Hundreds of residents in towns and cities across central Maine headed to the polls Tuesday to cast their votes for state and local candidates, school budgets and other items on the ballots in their respective communities.

Some came out because they had a particular dog in the fight — a candidate they liked, a budget they opposed. Others turned out to vote simply because it was their democratic duty.

Tuesday morning in Litchfield, several voters said it was a proposed increase in the Regional School Unit 4 budget that they cared about. In interviews outside the polls at the Litchfield Sportmen’s Club, a few said they opposed the tax increases associated with that hike and thought Litchfield shouldn’t have to shoulder so many of the district’s costs.

The other towns in RSU 4 are Sabattus and Wales. The total budget proposed for the district was $18.9 million, up 1.84 percent from this year’s budget, according to information on the district website. The local tax obligation for Litchfield voters in the proposed budget was $3.8 million, up 10 percent from this year.

One Litchfield resident, Douglas Read, a former principal of Richmond Middle School, declined to say how he voted on the proposed school budget but voiced objections to what had been proposed.

Having sat on the educators’ side of the table, Read said he thought the school board had “padded” the budget, knowing they might have to go back to the drawing board if voters rejected it. Read said the school boards he worked with had done the same thing.

He thought the proposed increase for Litchfield voters should not have exceeded 3 percent of this year’s tax obligation, particularly with residents on fixed incomes who can’t keep pace with the tax increases.

“There are a couple of items I would have liked to cut,” Read said of the budget.

Several voters who were interviewed agreed with Read’s assessment, including another former educator, 61-year-old Marlene Patten.

But a small number of voters supported the proposed school budget. One of them, Chance Dodge, 45, said voters elect the school board members and should trust them to do what’s right for the town. Another, Gerry Kemke, 70, said he generally doesn’t think enough is spent on education in the U.S.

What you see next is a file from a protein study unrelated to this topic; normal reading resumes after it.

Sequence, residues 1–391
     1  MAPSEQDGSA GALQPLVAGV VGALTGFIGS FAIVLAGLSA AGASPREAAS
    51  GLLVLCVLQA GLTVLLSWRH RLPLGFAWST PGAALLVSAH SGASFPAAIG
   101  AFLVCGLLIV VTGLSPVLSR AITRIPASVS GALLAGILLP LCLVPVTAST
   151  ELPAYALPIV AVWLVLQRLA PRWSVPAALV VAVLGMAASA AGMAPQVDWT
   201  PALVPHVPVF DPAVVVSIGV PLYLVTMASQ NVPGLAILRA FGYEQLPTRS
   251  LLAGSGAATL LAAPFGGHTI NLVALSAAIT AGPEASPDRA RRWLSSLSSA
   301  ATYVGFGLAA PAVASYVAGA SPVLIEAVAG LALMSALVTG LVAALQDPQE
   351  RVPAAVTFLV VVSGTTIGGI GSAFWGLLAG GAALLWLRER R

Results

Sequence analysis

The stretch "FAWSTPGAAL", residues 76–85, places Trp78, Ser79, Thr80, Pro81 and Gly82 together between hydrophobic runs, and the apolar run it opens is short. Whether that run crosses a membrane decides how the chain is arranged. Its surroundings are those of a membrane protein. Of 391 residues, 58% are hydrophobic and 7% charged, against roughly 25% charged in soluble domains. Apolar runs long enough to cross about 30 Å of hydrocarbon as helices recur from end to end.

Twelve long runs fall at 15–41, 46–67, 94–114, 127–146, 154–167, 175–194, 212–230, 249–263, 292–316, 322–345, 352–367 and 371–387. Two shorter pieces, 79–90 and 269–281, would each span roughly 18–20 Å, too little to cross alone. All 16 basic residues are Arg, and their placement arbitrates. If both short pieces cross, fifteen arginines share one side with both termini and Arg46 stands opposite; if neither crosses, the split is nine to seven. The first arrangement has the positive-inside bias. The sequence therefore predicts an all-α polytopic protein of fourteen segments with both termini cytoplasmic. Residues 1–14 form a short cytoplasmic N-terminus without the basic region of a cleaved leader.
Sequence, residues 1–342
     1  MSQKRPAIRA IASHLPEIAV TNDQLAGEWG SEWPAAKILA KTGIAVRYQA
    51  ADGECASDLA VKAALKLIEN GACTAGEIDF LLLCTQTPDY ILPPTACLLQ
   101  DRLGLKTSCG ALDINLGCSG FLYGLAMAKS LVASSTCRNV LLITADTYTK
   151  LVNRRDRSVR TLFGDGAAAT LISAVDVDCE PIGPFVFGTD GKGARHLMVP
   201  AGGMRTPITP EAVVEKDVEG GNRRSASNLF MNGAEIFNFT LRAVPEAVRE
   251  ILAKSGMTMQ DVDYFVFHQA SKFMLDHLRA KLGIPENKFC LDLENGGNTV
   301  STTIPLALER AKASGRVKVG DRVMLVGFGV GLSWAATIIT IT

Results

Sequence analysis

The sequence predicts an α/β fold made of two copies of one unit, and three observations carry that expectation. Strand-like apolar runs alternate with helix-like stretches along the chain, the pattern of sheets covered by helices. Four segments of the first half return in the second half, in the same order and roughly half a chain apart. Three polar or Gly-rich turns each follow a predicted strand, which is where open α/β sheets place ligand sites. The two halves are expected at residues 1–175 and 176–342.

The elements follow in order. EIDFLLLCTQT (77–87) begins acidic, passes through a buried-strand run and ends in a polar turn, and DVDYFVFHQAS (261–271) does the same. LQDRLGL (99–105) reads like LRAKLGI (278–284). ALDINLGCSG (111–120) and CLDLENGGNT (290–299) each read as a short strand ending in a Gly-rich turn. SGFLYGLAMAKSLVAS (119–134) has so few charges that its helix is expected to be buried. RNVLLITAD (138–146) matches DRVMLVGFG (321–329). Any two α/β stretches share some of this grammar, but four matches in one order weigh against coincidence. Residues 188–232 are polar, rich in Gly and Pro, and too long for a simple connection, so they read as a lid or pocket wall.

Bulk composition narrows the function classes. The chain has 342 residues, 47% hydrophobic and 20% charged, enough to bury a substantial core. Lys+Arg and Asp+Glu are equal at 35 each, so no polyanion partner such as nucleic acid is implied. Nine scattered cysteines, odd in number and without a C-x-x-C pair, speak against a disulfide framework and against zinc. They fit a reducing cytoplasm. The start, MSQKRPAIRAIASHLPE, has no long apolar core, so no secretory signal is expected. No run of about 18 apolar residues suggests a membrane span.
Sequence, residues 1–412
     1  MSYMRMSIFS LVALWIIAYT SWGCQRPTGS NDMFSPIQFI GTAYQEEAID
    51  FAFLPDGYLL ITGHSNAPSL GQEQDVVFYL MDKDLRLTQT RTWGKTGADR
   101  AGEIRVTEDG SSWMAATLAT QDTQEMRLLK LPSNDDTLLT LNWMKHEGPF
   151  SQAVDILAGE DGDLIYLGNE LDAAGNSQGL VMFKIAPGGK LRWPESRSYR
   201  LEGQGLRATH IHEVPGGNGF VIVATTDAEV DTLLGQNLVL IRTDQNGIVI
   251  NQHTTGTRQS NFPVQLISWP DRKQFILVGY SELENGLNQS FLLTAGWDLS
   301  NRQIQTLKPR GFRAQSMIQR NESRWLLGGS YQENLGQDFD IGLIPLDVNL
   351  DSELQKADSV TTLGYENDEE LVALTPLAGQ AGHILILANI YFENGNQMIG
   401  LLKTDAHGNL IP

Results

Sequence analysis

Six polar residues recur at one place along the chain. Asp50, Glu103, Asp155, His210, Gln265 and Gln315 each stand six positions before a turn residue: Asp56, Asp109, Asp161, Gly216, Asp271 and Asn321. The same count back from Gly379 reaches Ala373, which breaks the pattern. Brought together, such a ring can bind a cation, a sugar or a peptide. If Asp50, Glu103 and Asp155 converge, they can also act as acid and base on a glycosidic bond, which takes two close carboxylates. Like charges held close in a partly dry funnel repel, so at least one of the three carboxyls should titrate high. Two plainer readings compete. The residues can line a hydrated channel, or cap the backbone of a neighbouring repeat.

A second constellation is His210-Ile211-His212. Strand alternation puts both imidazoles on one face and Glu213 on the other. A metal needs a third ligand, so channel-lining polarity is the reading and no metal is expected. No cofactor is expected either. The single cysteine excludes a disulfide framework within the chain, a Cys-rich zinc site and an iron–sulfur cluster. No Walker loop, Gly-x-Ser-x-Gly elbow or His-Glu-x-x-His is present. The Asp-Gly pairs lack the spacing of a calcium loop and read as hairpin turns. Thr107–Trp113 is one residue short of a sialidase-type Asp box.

Three Litchfield residents were running for an open seat on the town’s Select Board. One of the candidates, Timothy LaChapelle, spent time talking to voters Tuesday morning outside the polls. LaChappelle is running against incumbent Selectwoman Rayna Leibowitz and Kenneth Lizotte.

A couple towns up from Litchfield, voters in Winthrop also were heading to the polls Tuesday to vote on a proposed school budget and a three-year term on the Town Council. Three candidates were running in that race.

Upon exiting the polls, Peggy Pratt, 88, a Democrat, said she had been most interested in voting for Shenna Bellows, of Manchester, who was competing Tuesday for the Democratic nomination to run in Senate District 14 in November. Bellows is running against Terry Berry, of Gardiner, in the primary.

Pratt said that Bellows, who previously ran for a U.S. Senate seat, made an impression on her during a campaign visit a few weeks earlier.

Another resident, Roger LaJeunesse, retired superintendent of the Winthrop School District, said he supported the $11.2 million school budget that had been approved by the Town Council a week earlier and now required voter approval. The proposed budget was 4 percent higher than this year’s $10.8 million budget.

While the flow of voters was steady Tuesday morning in Winthrop and Litchfield, “it was very quiet” at the Augusta State Armory, one of four polling places in the city, said Maryanne McCullough, one of the site’s election officers.

City voters were asked to approve a school budget that had been approved by the City Council, among other items. But McCullough suggested that turnout was low because the council makes so many of the city’s decisions. She predicted the general election in November, when voters elect the next U.S. president, would bring far more traffic.

“It’ll be different. It’ll be crazy,” McCullough said. “Then we’ll be going, ‘Can’t it be June?'”

Charles Eichacker — 621-5642

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Twitter: @ceichacker